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Posted 2 Sep 2001

A simple introduction to the .NET Intermedia Language (IL)

, 2 Sep 2001
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A simple example of using IL directly


To compile and run the code you must have installed Microsoft .NET Framework Beta 2. This is available for download from

When I received copy of Visual Studio .NET Beta 2 I did not manage to find the ILAssemblyLanguageProgrammersReference.doc which was included in beta 1, so I decided to share my experience with other assembly enthusiasts. Other documents for those interested in intermediate language can be find in: " C:\Program Files\Microsoft.NET\FrameworkSDK\Tool Developers Guide\docs".


Typically you would  work with assembler from the command line and using notepad. To open a command line in any directory create a registry entry (key) in "HKEY_CLASSES_ROOT\Folder\shell" called "CmdLine" and add a new entry in CmdLine called "command". Change the (Default) to string value REG_SZ to "cmd.exe %1". This allows you to open a command line using the context menu (right click on folder icon and select CmdLine). It is also handy to create a shortcut to Notepad.exe and ildasm.exe in "C:\Documents and Settings\whatever your name is\SendTo" so that you can send .il files to notepad and .exe files to the disassembler.

An example IL file

First we will write a client and from the client send a string to ArgIn.dll (a library we will create below) which will display our string in a message box. Copy the following, paste it in notepad and save it as

.assembly extern mscorlib{}
.assembly extern ArgIn{}
.assembly go{}
.method public static void GO2() cil managed	//any name starting with letter is ok
   .entrypoint		//must
   .maxstack  1
   //you can safely comment out .maxstack  1 or set it to 2, but if it is 
   // insufficient it results in a run-time error
   .locals ([0] class [ArgIn]ArgIn.Class1 q)
   //.locals  [init] ( <localsSignature> )	Defines a set of local variables for this method.
   ldstr "Hello from client"	
   //72 <T> ldstr string	push a string object for the literal string
   newobj instance void [ArgIn]ArgIn.Class1::.ctor(string)
   //73 <T> newobj ctor	allocate an uninitialized object and call ctor  
   //0A	stloc.0	Pop value from stack into local variable 0.	
   //   pop will also do here (we won't use it again)
   ret	     //return is a must

Do not compile yet. First we must compile the library. The following is the library that we are going to compile to ArgIn.dll :

.assembly extern mscorlib
.assembly extern System.Windows.Forms
  .publickeytoken = (B7 7A 5C 56 19 34 E0 89 )                         
  .ver 1:0:2411:0
.assembly ArgIn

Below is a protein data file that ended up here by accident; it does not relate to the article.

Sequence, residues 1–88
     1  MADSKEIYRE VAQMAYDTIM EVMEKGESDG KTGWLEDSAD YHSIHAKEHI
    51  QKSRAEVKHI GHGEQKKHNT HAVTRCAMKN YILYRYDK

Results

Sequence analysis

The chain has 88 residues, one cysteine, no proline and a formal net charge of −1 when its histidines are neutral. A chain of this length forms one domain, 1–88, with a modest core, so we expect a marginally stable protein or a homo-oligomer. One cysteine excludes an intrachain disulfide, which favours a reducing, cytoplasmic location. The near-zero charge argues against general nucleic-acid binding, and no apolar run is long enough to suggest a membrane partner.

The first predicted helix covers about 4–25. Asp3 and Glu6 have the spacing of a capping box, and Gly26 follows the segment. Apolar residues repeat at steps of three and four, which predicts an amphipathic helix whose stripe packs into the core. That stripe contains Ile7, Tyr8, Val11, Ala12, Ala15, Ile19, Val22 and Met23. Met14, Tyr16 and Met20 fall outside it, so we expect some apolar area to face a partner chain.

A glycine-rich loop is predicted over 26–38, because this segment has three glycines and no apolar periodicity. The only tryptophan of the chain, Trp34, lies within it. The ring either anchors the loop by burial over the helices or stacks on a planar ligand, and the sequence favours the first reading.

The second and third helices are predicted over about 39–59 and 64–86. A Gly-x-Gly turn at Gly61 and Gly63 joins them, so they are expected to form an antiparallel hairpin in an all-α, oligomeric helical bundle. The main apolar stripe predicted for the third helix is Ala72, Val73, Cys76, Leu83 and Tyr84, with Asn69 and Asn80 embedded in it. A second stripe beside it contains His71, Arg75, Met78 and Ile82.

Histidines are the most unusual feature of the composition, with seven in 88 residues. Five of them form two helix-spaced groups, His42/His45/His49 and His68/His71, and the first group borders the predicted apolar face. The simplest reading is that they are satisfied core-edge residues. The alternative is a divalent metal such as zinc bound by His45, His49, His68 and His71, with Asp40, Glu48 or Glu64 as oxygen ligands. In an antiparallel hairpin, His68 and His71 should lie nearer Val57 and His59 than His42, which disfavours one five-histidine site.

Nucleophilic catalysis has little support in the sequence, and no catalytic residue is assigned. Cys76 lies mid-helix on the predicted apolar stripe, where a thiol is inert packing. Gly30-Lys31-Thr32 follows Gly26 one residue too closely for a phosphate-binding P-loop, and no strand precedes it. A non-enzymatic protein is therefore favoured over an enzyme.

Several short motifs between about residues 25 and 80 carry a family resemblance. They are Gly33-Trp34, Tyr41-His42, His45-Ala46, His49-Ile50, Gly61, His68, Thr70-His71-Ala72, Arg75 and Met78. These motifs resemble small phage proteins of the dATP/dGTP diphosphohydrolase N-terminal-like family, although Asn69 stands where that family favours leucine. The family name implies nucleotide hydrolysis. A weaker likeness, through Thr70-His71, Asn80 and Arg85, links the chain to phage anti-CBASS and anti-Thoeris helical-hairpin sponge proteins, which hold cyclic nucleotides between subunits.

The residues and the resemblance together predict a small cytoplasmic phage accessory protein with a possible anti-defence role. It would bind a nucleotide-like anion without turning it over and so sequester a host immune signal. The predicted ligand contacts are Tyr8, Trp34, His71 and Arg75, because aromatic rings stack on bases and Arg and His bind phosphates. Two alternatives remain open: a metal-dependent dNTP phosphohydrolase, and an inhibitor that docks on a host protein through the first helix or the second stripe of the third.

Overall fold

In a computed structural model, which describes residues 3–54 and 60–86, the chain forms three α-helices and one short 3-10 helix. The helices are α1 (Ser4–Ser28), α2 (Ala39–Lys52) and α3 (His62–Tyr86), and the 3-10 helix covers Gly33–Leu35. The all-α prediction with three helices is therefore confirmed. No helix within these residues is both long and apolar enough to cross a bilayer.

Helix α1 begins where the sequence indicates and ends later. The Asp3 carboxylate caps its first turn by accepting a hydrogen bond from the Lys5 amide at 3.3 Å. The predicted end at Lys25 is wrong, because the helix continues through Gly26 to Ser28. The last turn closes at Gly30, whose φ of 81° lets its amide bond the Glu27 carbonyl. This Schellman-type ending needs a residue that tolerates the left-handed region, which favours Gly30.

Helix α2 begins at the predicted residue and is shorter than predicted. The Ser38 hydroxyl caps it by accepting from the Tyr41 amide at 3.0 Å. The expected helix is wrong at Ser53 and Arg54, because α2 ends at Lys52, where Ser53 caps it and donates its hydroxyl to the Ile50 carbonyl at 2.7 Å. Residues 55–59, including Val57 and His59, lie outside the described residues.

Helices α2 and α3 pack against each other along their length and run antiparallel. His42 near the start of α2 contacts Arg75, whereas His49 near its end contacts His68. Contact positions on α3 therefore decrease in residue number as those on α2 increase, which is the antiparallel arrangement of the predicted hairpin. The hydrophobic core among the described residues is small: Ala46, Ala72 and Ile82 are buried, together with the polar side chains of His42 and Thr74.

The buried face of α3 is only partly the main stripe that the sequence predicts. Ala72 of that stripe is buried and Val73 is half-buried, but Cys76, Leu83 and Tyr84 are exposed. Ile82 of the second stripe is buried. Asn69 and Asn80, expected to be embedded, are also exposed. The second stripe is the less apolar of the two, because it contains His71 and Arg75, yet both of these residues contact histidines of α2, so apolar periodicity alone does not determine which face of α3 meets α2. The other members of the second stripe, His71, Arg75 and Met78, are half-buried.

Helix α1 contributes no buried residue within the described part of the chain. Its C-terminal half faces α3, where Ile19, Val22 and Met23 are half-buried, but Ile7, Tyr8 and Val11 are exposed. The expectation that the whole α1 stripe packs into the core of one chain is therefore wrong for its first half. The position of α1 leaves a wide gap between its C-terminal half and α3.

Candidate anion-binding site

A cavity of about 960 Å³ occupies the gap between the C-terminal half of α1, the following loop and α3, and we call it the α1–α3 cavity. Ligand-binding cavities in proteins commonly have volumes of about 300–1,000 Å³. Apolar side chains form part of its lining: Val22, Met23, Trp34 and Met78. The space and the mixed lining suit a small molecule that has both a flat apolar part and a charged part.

.namespace ArgIn
  .class public auto ansi beforefieldinit Class1
         extends [mscorlib]System.Object
    .method public hidebysig specialname rtspecialname 
            instance void  .ctor(string msg) cil managed
        //.maxstack  8
        call       instance void [mscorlib]System.Object::.ctor()
        ldstr      "From dll"
        call       valuetype [System.Windows.Forms]System.Windows.Forms.DialogResult 



Save this as To compile simply type on command line "ilasm ArgIn /dll". 

The section 

.assembly extern System.Windows.Forms 

deserves additional explanation. This is value on my machine, if it does not work on yours copy and paste in notepad following:

using System;
using System.Windows.Forms;
class try1
public static void Main()
	   MessageBox.Show ("Test", "Test app");

save it as test.cs and compile from command line typing "csc test.cs". Send test.exe to ildasm and check what is in the MANIFEST (double click on it). If it is necessary copy the correct values and apply it in your code.

Now it is time to compile the client application. ArgIn.dll must be in the same folder as the exe. From command line execute "ilasm" and run client.exe. You will see message box with the message "Hello from client" and title "From dll". 

It's that easy!

I hope that you will find that IL assembler is very friendly and write some code on your own. At the end I wish to thank Microsoft for making .NET platform available to public, my company Objectronics for providing me with their copy of .NET Framework Beta 2 and finally to my dear friend Dmitri Vibornov for idea and his help on coding and preparing this article.

If you have any question or suggestion I can be reached at if time allows I will come back to you.


This article has no explicit license attached to it but may contain usage terms in the article text or the download files themselves. If in doubt please contact the author via the discussion board below.

A list of licenses authors might use can be found here


About the Author

Filip Bulovic
United States United States
VB programmer

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